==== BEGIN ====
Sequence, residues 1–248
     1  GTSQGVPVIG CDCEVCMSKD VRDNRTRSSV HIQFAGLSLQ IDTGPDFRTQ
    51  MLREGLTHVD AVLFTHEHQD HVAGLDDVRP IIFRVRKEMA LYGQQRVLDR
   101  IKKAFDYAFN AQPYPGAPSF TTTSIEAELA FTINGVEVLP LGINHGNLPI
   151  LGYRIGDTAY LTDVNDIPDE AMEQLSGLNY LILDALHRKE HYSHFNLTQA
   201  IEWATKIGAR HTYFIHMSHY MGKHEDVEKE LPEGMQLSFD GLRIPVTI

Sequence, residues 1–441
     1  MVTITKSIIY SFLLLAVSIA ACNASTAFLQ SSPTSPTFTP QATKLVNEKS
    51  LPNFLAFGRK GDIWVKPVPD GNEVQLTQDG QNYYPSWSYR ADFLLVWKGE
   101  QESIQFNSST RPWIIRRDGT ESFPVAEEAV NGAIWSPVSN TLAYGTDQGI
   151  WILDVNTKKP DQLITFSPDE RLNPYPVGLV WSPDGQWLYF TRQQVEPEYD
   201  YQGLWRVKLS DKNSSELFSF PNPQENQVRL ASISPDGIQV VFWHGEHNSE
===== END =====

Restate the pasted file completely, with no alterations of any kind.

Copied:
Sequence, residues 1–248
     1  GTSQGVPVIG CDCEVCMSKD VRDNRTRSSV HIQFAGLSLQ IDTGPDFRTQ
    51  MLREGLTHVD AVLFTHEHQD HVAGLDDVRP IIFRVRKEMA LYGQQRVLDR
   101  IKKAFDYAFN AQPYPGAPSF TTTSIEAELA FTINGVEVLP LGINHGNLPI
   151  LGYRIGDTAY LTDVNDIPDE AMEQLSGLNY LILDALHRKE HYSHFNLTQA
   201  IEWATKIGAR HTYFIHMSHY MGKHEDVEKE LPEGMQLSFD GLRIPVTI

Sequence, residues 1–441
     1  MVTITKSIIY SFLLLAVSIA ACNASTAFLQ SSPTSPTFTP QATKLVNEKS
    51  LPNFLAFGRK GDIWVKPVPD GNEVQLTQDG QNYYPSWSYR ADFLLVWKGE
   101  QESIQFNSST RPWIIRRDGT ESFPVAEEAV NGAIWSPVSN TLAYGTDQGI
   151  WILDVNTKKP DQLITFSPDE RLNPYPVGLV WSPDGQWLYF TRQQVEPEYD
   201  YQGLWRVKLS DKNSSELFSF PNPQENQVRL ASISPDGIQV VFWHGEHNSE